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Silk Flower Christmas Tree

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Happy holidays friends! It’s been a whirlwind year this year and I can’t believe we’re less than a week away from Christmas! We’ve really been enjoying our holiday season so far. And I got my tree up in plenty of time to enjoy it!! I wanted to share with you a round two of my Christmas tree (round 1 is here).

Not a whole lot has changed besides the fact that I’ve added more flowers from Commercial Silk. They approached me to see if I wanted to review some florals for them, and I gladly obliged. I need more tree filler to take my sparse and twiggy try to the next level.  

I used ranunculus and dusty miller to add more depth to my branches. And I think I could have used even more than I got, but I really like the depth it added to the tree as it is. I left the stems on the dusty miller, but not on the ranunculus. I cut those off and glued the excess leaves from the stems onto the backs of each bud. I just placed the ranunculus atop each branch. 

It’s simple, but I really like how it looks. And I can use these decorations year-round for different holidays and events! So that’s a win. I’ve never been much for seasonal decorating, but using durable items like artificial plants really makes it worthwhile. They store nicely and they look fresh year-round!

The next thing on my list is to make a wood stump base for the tree to stand in. I’ve got the stump on my front porch, I just have to sand the underside and drill the hole. Think I can get that done by Christmas? :) Wish me luck! 


  • Ranunculus/Dusty Miller: CommercialSilk c/o
  • Wood flowers: Eco Flower c/0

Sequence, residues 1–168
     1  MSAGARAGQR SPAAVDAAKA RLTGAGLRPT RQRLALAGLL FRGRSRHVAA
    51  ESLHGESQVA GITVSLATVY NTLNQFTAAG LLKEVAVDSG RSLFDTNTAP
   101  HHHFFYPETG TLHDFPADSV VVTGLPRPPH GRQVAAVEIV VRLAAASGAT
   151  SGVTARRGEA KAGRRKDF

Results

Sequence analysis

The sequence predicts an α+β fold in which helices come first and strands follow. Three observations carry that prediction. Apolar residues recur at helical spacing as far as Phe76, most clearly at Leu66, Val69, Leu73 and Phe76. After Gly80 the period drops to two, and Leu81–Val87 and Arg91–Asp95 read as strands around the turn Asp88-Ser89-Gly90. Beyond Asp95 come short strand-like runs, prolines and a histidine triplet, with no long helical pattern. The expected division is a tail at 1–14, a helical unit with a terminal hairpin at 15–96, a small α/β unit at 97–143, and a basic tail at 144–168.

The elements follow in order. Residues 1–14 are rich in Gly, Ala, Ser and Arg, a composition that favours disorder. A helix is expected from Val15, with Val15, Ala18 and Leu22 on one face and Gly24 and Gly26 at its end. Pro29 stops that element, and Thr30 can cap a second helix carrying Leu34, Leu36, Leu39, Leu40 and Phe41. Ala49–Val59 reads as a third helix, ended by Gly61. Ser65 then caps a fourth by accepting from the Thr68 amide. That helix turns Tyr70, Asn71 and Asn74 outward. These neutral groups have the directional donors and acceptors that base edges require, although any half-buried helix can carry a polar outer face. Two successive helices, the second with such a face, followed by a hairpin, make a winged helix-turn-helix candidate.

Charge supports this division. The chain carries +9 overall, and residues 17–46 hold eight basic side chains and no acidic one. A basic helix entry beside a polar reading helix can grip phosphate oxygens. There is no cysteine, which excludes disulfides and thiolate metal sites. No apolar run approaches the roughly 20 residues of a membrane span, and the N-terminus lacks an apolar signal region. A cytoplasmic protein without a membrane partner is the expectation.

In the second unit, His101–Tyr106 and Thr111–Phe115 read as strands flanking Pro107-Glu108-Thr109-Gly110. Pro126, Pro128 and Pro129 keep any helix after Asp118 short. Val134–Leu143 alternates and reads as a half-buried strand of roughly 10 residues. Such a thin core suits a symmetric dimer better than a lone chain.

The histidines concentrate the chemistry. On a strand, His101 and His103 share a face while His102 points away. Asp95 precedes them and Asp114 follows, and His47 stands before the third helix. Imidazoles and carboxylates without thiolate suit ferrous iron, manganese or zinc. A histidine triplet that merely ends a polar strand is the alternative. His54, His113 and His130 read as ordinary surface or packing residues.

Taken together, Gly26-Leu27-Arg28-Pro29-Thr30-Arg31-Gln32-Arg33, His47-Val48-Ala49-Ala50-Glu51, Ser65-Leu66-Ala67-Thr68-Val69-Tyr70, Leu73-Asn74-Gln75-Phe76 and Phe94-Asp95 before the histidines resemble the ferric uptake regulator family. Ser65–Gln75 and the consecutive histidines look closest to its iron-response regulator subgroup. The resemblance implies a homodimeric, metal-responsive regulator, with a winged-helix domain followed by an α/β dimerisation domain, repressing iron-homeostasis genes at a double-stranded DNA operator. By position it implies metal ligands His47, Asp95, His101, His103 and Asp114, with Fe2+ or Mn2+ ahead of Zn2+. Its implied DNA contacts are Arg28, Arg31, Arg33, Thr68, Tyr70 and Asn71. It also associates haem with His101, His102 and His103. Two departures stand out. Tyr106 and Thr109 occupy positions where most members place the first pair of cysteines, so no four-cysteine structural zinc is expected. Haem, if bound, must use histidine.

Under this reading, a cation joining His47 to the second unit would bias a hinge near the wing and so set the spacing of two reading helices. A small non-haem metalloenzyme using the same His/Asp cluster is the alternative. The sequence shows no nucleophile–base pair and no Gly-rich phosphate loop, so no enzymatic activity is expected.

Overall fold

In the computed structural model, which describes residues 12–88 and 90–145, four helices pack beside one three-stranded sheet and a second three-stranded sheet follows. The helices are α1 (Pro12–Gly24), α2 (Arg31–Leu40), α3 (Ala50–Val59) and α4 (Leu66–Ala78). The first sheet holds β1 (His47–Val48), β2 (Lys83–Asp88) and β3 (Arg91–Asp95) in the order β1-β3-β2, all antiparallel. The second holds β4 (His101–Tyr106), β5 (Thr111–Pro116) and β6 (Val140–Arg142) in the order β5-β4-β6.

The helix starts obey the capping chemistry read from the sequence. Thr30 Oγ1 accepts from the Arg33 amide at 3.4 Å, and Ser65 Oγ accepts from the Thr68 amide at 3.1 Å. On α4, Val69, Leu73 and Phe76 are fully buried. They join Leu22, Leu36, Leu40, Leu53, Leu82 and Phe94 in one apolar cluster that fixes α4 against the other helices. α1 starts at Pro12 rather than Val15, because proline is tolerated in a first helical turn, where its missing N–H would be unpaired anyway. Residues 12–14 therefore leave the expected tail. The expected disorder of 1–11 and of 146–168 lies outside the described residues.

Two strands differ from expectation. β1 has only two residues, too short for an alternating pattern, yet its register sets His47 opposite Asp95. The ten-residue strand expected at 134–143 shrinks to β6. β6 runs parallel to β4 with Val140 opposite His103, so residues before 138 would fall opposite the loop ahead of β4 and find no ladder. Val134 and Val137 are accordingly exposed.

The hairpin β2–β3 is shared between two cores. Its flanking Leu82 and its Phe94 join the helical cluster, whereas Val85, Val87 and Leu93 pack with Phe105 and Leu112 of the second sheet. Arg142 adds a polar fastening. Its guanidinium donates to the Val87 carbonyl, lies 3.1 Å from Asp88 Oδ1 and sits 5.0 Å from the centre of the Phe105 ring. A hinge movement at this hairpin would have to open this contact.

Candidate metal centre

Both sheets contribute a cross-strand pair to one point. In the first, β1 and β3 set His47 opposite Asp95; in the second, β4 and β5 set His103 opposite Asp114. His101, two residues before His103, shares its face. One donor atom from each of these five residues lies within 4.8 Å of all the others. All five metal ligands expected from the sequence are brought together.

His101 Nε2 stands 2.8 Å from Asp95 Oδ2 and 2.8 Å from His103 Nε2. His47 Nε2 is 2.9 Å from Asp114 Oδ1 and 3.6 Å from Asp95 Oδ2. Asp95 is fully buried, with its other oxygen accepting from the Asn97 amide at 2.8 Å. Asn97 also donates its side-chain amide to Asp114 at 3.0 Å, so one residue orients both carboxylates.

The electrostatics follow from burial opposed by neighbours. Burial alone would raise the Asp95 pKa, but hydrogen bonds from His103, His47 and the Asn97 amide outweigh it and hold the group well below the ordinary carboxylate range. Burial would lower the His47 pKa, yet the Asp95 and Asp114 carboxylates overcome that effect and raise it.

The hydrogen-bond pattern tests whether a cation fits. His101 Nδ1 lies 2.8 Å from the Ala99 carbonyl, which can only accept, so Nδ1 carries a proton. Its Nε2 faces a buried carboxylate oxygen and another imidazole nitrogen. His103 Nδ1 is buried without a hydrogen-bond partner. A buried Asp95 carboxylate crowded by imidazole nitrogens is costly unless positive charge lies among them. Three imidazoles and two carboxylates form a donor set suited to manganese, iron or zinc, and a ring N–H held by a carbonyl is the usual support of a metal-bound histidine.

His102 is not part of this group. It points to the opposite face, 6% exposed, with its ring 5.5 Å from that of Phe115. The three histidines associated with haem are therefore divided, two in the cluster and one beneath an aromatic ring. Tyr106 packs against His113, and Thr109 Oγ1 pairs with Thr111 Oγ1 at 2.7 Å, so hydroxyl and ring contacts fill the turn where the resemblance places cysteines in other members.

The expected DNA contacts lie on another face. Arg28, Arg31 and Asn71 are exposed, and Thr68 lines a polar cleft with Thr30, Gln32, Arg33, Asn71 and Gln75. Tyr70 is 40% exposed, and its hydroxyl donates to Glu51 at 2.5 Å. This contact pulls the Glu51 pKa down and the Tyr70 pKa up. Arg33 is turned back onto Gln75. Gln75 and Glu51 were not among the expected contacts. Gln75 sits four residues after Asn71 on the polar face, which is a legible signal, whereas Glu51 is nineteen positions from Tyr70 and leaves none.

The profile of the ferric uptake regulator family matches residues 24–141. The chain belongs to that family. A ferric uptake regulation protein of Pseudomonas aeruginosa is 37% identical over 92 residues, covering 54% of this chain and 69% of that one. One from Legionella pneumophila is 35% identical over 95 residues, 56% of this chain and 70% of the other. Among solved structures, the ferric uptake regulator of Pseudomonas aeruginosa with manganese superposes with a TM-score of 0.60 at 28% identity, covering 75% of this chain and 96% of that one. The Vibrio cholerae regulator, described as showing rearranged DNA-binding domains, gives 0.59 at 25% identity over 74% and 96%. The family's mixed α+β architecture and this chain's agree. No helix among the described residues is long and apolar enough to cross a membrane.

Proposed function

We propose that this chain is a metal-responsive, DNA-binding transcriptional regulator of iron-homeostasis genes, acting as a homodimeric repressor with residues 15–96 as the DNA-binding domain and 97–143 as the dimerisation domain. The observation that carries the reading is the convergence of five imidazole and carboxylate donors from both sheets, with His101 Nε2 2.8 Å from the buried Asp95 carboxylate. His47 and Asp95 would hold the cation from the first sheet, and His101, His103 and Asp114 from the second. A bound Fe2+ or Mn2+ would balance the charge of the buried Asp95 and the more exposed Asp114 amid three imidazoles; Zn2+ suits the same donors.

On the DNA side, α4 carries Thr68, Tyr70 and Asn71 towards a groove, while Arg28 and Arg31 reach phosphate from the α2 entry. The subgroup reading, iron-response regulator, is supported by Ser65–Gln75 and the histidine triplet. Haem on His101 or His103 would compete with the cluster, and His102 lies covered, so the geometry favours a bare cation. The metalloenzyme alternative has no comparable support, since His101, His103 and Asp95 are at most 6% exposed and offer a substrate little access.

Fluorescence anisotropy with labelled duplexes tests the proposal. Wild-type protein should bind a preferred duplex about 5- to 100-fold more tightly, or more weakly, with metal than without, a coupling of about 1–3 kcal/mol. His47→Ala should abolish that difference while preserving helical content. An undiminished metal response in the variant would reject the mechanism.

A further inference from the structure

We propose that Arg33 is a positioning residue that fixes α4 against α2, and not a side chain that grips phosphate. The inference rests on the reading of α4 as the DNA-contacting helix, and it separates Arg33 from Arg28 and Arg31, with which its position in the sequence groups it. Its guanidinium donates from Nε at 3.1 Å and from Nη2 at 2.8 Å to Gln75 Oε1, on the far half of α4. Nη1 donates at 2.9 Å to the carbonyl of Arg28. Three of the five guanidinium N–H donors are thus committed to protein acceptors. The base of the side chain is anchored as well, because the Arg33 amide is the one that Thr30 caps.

• 12 days of Christmas: Land of Nod c/o
  • Pink wrapping paper: Tiny Prints
  • Gold wrapping paper: Tai Pan Trading
  • Basket: Tai Pan Trading
  • Picks: Tai Pan Trading & Walmart
  • Paper flowers: handmade

*Product was provided for this post, but all opinions are my own. 

Bohemian Meets Minimalist Christmas Tree

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This year marks the first in 7 years that I haven’t booked my ticket to Alt Summit. As a result, I’ve decorated for Christmas. And I’ve had fun doing it, too! I’ve been slowly growing my collection of decor items, and I’m at a happy place this year with a grown-up tree that’s dressed to my liking. 

I have a few personal hang-ups with holiday decor. One being that it’s impossible to store the other 12 months of the year and the other is that it takes up too much living space while out that everything feels cramped. 

I found our white, pre-lit, minimalist tree a couple of years ago at Walmart for $80. The closest I could find is this one. But I fell in love with the realistic texture of the branches and the tiny box footprint it takes up when in storage. The problem: it’s really sparse. So I got creative.

I don’t like the look of seeing the metallic pole down the center, so I bought a couple of feather boas and wrapped the center of the tree with them. The feathers added richness and weight to the tree that was lacking. 

Many of the ornaments I’ve had in the past are white and silver, but with the white tree, I felt like it’s too cold to have silver details. So I opted for warmer white and soft pink details with pops of green and dark browns. Since the tree is so obviously fake, I thought some realistic tree picks with flocked pine cones added a nice touch. And the flowers. The flowers really did it for me. 

Eco Flower sent me a wood flower bouquet for styling with my calligraphy work. As a quick shout-out, I wish they’d been around when Chris and I got married. They’re beautiful and last forever!

Chris helped me deconstruct the bouquet and add the beautiful blooms to our tree. Since they’re on wire stems, it was easy to wrap them around the branches and affix in place. In fact, most of the decor is firmly stuck to the tree so it’s quite kid-friendly. The only issue I’ve had with the decorations so far is that Junie likes to open up the presents when I’m not looking. She’s having fun and it’s no big deal to re-wrap those boxes.

In addition to the wood flowers, I got out the bunch of paper flowers I made months back out of coffee filters as a craft night with friends. The bigger, fluffier blossoms fill out the tree nicely, too.